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Agile frameworks

Agile frameworks are tools for weaving Agile values and principles into the execution process of the team. Many varieties of Agile frameworks exist to support the different types of activities that teams undertake within each of their functions.

Among the Agile frameworks available, three have become widely adopted in marketing: Scrum, Kanban, and Scrumban. Each of these three Agile frameworks represents a set of core practices that match the type of work the team is doing.

For example, if a team is more project-focused and working with a finite scope, they might choose the Scrum framework to apply agility. On the other hand, teams with a high amount of unplanned work, might apply Kanban practices for their Agile implementation.

Significant variation between these two frameworks produces flexible, hybrid approaches like Scrumban. Combining practices from Scrum and Kanban in a hybrid framework allows marketers to only apply Agile practices that suit their unique process challenges to produce a tailored approach.


Scrum is probably the most known Agile framework. Like all Agile approaches, it has its pros and cons (especially for marketers).

The Scrum framework consists of two- to four-week iterations that kick off a period of active work by setting a prioritized team to-do list, also known as a backlog, that will be the focus in the next period of activity, called a sprint.

The team commits to the tasks in the sprint and doesn’t accept work outside of the backlog they defined in the planning phase. The members update their progress during daily 15-minute tactical meetings, called Daily Standups.

At the end of each sprint, the team gathers for a show and tell of completed work as well as reflect on the work process along with the core team. If needed, improvements are implemented as a result.

Scrum breaks big projects down into small chunks and supports the team in processing them quickly and efficiently by creating laser-focus on a smaller subset of the work at once. Scrum teams are empowered to self-organize in order to reach high results, but also rely on a Marketing Owner and Scrum Master to make sure priorities are clear and impediments are solved.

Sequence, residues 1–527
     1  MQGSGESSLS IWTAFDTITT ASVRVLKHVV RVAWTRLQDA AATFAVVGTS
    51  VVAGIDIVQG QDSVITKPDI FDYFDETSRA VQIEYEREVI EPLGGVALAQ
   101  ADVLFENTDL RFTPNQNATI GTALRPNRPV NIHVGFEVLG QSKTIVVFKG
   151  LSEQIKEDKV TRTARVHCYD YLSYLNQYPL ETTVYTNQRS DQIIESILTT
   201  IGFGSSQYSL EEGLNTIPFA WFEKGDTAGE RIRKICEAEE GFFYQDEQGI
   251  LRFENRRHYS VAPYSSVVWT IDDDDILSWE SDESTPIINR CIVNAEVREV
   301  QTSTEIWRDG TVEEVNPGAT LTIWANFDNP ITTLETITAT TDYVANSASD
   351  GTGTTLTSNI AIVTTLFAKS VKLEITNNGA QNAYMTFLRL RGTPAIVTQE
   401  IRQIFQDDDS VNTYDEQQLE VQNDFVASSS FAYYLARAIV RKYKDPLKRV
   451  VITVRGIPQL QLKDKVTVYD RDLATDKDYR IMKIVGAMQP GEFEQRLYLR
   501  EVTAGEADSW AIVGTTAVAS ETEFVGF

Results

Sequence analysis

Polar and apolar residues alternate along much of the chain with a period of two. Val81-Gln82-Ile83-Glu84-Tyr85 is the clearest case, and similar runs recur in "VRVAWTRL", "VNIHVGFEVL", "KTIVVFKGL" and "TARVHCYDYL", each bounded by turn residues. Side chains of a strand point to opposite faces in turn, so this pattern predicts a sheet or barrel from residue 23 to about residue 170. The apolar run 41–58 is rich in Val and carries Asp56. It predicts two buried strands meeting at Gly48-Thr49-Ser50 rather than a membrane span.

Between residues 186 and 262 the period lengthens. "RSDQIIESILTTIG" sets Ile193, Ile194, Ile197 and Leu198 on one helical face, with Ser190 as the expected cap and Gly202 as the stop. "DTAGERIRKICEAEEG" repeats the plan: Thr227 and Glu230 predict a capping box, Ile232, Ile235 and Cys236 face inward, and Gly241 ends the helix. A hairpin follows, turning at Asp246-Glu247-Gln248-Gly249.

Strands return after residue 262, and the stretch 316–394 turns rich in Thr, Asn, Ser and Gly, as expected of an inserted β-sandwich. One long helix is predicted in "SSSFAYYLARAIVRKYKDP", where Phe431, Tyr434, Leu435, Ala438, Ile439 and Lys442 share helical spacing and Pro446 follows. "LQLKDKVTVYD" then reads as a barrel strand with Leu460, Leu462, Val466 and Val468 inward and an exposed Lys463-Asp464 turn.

The alternative to applying the Scrum framework is using Kanban. Marketers tend to prefer Kanban as a more accessible entry point into Agile practices for functions outside of IT. Being the “start where you are” framework, Kanban encourages marketers to begin layering in Agile practices gradually throughout their existing process over time.

The term Kanban originates from the first factories of Toyota in 1940s Japan. It means visual board or sign. Toyota used the method to promote visualization and continuous improvement as a means of optimizing production and managing resources inside its operations.

Since the 1940s, Kanban has been adapted to manage processes in digital knowledge work, like product development and marketing.

This framework is all about limiting the amount of work in progress, visualizing the workflow, and delivering value frequently.

However, unlike teams that apply Scrum, Kanban teams operate in a workflow that is continuous. They never start and stop to plan the upcoming sprint. The Kanban backlog is updated all the time as new requests come into the team, so the group can pull new work items from it as soon as they have an opportunity.

To apply Kanban, marketing teams implement its six core practices:

  1. Visualizing the team workflow through physical or digital Kanban boards
  2. Limiting work in progress to avoid context-switching and multitasking
  3. Maintaining a consistent, frequent flow of value delivered toward customers
  4. Documenting explicit process policies for greater consistency